Businesses are against city’s tourist tax plan
PLANS for a tourism tax in Edinburgh have been branded “unwanted and damaging” as a survey of local businesses reveals a majority were against it.
The Federation of Small Businesses (FSB) surveyed 124 businesses in the city, with 94 (76 per cent) stating they were against the introduction of a levy on tourism and 73% saying they thought it would have a negative impact on the local economy.
The city council is currently drawing up a business case for a proposed tax with the aim of persuading the Scottish Government to hand over the necessary power to introduce it.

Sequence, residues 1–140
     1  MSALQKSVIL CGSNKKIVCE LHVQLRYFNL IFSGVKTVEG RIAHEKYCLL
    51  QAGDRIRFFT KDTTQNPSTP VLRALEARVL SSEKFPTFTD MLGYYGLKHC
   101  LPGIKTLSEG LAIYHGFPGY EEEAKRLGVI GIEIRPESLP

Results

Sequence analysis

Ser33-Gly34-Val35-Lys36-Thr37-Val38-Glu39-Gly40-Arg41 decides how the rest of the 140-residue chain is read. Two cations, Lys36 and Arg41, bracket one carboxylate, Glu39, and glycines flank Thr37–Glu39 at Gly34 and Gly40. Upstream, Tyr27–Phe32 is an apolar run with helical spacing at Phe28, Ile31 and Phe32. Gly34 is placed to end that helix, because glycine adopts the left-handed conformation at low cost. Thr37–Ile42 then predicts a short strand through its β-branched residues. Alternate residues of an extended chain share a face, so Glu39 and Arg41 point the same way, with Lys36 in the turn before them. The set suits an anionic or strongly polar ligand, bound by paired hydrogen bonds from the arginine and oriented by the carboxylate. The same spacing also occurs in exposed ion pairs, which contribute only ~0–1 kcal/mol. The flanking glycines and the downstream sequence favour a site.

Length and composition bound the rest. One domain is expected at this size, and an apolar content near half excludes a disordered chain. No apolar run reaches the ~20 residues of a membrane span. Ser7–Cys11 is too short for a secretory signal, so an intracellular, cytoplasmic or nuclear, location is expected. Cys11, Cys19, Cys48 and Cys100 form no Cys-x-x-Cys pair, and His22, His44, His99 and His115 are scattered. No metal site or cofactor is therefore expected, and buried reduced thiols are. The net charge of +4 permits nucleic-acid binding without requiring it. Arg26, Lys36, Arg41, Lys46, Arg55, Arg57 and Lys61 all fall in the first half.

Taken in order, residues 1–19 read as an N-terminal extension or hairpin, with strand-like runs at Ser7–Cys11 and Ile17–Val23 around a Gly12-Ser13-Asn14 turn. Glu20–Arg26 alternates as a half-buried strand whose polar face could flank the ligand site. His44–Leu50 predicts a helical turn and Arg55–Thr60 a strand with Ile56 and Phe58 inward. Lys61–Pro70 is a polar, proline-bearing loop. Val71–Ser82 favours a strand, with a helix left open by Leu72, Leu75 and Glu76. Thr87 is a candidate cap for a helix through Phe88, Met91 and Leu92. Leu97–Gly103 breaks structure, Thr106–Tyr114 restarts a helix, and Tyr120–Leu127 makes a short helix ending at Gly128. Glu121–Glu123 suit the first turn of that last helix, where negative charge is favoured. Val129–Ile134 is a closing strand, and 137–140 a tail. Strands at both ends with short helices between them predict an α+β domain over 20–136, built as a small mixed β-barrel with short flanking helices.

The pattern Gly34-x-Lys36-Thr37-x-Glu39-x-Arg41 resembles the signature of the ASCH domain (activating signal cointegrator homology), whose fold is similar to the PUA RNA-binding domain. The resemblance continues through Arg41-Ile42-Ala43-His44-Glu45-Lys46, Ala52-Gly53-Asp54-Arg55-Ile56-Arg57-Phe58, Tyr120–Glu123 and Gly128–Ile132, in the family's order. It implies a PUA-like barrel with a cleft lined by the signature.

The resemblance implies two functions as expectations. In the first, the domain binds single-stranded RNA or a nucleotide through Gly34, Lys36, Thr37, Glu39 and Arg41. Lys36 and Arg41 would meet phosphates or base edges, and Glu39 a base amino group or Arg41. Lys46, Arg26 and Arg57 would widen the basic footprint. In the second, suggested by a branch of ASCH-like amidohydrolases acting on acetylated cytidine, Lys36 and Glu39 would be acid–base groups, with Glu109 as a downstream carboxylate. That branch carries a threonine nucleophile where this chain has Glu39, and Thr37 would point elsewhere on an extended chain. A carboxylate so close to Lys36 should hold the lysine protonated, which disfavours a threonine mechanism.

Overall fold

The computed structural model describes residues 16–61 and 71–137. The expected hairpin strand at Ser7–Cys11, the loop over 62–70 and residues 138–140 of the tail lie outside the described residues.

The draft proposals are expected to be revealed this summer with a consultation with local businesses to follow.
It is estimated that visitors spend £1.46 billion each year in Edinburgh, supporting around 34,800 jobs.
Janet Torley, FSB leader for the east of Scotland, said tourists must be valued and not “priced out” of the city.
She said: “This is a wake-up call for the council, signalling that its plans to introduce a tourism tax in the city are unwanted and potentially damaging.
“Despite the caution which the Scottish Government has urged over this tax, the city council has pressed ahead with the development of a ‘business case’ for its introduction. Now it is clear that the overwhelming opinion of local businesses is ‘no’.
“Edinburgh is at the very heart of Scotland’s tourist industry - it is our most visited city and home to some of our most iconic landmarks.”